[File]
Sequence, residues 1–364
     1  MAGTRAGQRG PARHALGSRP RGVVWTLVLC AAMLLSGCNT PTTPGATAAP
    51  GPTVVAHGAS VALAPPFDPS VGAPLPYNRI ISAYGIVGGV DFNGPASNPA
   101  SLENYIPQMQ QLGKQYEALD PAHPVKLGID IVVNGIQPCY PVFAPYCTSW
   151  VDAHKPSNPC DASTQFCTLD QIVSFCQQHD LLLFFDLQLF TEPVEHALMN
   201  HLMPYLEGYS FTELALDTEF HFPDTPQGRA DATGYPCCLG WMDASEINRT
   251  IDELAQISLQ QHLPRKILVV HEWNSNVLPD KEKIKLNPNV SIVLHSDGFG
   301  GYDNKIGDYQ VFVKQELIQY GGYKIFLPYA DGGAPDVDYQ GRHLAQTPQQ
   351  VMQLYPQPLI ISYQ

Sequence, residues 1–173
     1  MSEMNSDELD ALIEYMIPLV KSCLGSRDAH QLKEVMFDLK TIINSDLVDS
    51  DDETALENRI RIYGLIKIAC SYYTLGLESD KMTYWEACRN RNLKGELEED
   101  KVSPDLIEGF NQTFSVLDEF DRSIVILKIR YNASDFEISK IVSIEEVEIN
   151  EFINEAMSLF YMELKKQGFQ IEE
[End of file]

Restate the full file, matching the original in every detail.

Sequence, residues 1–364
     1  MAGTRAGQRG PARHALGSRP RGVVWTLVLC AAMLLSGCNT PTTPGATAAP
    51  GPTVVAHGAS VALAPPFDPS VGAPLPYNRI ISAYGIVGGV DFNGPASNPA
   101  SLENYIPQMQ QLGKQYEALD PAHPVKLGID IVVNGIQPCY PVFAPYCTSW
   151  VDAHKPSNPC DASTQFCTLD QIVSFCQQHD LLLFFDLQLF TEPVEHALMN
   201  HLMPYLEGYS FTELALDTEF HFPDTPQGRA DATGYPCCLG WMDASEINRT
   251  IDELAQISLQ QHLPRKILVV HEWNSNVLPD KEKIKLNPNV SIVLHSDGFG
   301  GYDNKIGDYQ VFVKQELIQY GGYKIFLPYA DGGAPDVDYQ GRHLAQTPQQ
   351  VMQLYPQPLI ISYQ

Sequence, residues 1–173
     1  MSEMNSDELD ALIEYMIPLV KSCLGSRDAH QLKEVMFDLK TIINSDLVDS
    51  DDETALENRI RIYGLIKIAC SYYTLGLESD KMTYWEACRN RNLKGELEED
   101  KVSPDLIEGF NQTFSVLDEF DRSIVILKIR YNASDFEISK IVSIEEVEIN
   151  EFINEAMSLF YMELKKQGFQ IEE